Friday, September 21, 2012

Tempest Takes You There

Today is Friday, September 21. Lead stories, aside from the usual election buzz, include these. Since 1983 the number of breweries in the U.S. has risen more than 2400%. iPhone 5 sales are so fast that Apple computers can't keep up with the profit calculations. And legendary outlaw Butch Casssidy's "Amnesty" Colt .45 is up for auction.

But the top story on this last day of summer is... Dylan's Tempest has been on the market ten days and a lot of fans have listened to it nearly that many times since its 9/11 release. Oh yeah.

Yesterday I wrote about the album's rave reviews and shared my own thoughts on the first seven cuts. This morning I want to make a few comments on Tempest, the title track, and his tribute to John Lennon, Roll On John.


Tempest

The title song in this collection is 45 verses long, rolling like the north seas where the Titanic disappeared in what must have been a most horrible experience for those who survived. And that’s what this song seems dedicated to conveying: the horror. The tune itself is far from horrorific. It's more like the rolling sea itself.

The Titanic story is told from some unusual perspectives. Instead of simply describing the actual event, the song seems to be about the movie version of the story, so we have dreams and metaphors and Leo DiCaprio the artist as a character in the song. Like many of the other songs on the album there are reflections here as well from earlier Dylan songs and themes. For example, the Joker and the Thief discuss fate in “All Along the Watchtower.” And in this song a similar discussion regarding the meaning of events takes place between the Watchman and the Reaper.

“The veil was torn asunder between the hours of twelve and one, 
No change, no sudden wonder, could undo what had been done.”

Here’s another oblique reference in some way to the crucifiction of Christ? Upon his death, the New Testament writers affirm, the curtain that veiled the Holy of Holies was torn in two from top to bottom. Further along Dylan sings, “He read the Book of Revelations and he filled his cup with tears.” It’s an apocalyptic book, and “they tried to understand but there is no understanding with the judgment of God’s hand.” 

In so many words Dylan transforms the sinking of the Titanic into an Apocalyptic event. This year marks the 100th anniversary of that bigger than life tragedy. The end of an age?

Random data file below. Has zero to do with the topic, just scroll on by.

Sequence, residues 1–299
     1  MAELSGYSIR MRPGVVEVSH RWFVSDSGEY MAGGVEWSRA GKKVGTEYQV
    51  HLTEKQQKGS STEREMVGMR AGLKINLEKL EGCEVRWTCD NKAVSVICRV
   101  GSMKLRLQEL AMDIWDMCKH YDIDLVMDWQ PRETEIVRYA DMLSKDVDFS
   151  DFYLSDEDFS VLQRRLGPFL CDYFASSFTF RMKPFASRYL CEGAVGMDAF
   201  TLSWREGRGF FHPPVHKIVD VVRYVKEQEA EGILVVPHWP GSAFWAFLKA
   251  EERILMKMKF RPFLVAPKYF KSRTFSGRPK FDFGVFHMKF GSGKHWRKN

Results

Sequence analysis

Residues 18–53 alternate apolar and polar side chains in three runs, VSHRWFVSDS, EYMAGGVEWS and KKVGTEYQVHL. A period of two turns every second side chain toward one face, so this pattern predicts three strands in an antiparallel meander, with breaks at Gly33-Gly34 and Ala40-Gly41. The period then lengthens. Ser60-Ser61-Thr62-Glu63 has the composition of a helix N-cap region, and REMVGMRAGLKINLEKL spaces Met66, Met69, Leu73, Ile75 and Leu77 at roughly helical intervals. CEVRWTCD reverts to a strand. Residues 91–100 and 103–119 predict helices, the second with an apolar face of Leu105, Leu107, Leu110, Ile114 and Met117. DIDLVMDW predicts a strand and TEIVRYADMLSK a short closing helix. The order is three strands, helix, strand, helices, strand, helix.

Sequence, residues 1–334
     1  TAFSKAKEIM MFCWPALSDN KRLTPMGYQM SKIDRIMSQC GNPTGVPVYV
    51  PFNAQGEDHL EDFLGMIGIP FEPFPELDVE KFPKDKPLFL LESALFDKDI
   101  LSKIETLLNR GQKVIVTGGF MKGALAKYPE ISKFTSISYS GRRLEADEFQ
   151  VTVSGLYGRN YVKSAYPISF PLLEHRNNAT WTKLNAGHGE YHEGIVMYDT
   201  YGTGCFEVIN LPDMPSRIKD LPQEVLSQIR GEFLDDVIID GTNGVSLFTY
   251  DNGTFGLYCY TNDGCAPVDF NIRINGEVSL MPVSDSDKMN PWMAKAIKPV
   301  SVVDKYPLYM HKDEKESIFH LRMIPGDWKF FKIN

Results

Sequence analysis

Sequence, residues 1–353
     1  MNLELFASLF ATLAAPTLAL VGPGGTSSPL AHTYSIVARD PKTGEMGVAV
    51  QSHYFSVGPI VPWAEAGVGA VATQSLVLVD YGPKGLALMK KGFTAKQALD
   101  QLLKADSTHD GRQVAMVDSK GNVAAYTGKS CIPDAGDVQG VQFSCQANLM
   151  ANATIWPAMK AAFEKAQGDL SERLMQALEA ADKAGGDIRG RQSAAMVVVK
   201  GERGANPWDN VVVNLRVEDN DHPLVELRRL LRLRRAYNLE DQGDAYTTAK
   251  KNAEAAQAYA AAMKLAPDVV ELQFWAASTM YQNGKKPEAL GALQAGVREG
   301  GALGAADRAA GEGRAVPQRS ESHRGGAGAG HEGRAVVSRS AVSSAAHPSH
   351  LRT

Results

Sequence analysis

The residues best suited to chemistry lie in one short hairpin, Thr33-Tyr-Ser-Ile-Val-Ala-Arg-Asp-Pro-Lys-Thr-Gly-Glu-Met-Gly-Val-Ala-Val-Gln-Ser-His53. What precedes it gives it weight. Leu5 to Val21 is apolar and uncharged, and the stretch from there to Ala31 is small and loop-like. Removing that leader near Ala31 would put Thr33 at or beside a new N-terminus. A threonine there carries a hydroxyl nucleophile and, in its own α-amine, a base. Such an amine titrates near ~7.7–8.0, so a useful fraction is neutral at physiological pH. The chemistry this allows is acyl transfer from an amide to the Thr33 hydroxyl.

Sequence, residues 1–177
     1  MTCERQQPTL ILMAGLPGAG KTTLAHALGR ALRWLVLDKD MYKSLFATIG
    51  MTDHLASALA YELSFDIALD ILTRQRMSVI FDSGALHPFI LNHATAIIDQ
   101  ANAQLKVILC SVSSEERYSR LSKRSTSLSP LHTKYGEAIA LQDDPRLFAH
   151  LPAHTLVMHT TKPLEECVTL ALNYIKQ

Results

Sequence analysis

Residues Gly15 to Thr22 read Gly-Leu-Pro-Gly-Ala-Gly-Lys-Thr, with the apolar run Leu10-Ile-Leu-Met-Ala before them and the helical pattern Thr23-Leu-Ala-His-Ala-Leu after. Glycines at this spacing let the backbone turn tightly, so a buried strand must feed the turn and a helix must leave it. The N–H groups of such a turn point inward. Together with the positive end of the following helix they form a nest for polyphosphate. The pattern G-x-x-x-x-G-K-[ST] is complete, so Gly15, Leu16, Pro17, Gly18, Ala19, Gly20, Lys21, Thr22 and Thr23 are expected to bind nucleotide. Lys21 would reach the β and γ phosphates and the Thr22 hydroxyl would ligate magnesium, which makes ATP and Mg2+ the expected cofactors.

When the Reaper's task had ended 
Sixteen hundred had gone to rest 
The good, the bad, the rich, the poor 
The loveliest and the best 

Roll On John

Roll On John is the final cut on this album. (Dylan released it in vinyl as well as digitally, by the way.)  Five of the ten songs are over seven minutes, this being another. I didn't count how many have thematically touched on death or violence, but quite a few deal with it. Straight up, this tribute lament is very beautiful. And it drips with grieving.

I remember exactly where I was the day John's music died. Mexico City. Dylan, too, remembers that day, and in processing that grief has produced this pearl.

Doctor, doctor tell me the time of day
Another bottle's empty, another penny spent
He turned around and he slowly walked away
They shot him in the back and down he went.

[chorus]
Shine your light
Movin’ on
You burned so bright
Roll on, John

From the Liverpool docks to the red-light Hamburg streets
Down in the quarry with the quarrymen
Playing to the big crowds, playing to the cheap seats
Another day in the life on your way to your journey's end

[chorus}

Sailin' through the trade winds bound for the South
Rags on your back just like any other slave
They tied your hands and they clamped your mouth
Wasn't no way out of that deep dark cave

[chorus]

I heard the news today, oh boy
They hauled your ship up on the shore
Now the city gone dark, there is no more joy
They tore the heart right out and cut him to the core

[chorus]

Put on your bags and get 'em packed
Leave right now, you won't be far from wrong
The sooner you go the quicker you'll be back
You've been cooped up on an island far too long

[chorus]

Slow down you're moving way too fast
Come together right now over me
Your bones are weary, you're about to breathe your last
Lord, you know how hard that it can be

[chorus]

Roll on, John, roll through the rain and snow
Take the right-hand road and go where the buffalo roam
They'll trap you in an ambush before you know
Too late now to sail back home

[chorus]

Tyger, tyger burning bright
I pray the Lord my soul to keep
In the forests of the night
Cover 'em over and let him sleep

If you buy the CD just to own this one song, it'll be worth it. Then again, with iTunes you can easily buy singles these days. Get the whole darn thing. Thanks for the memories, Bob.

On a related topic, there are volunteer work crews down at the Armory tomorrow and the following Saturday from 10:00 till 3:00. It's a big building and a lot of work to get it ready for the next phase in its renovation. Meet some of the Friends who served on the Bob Dylan Way committee and others involved in this historic preservation project.

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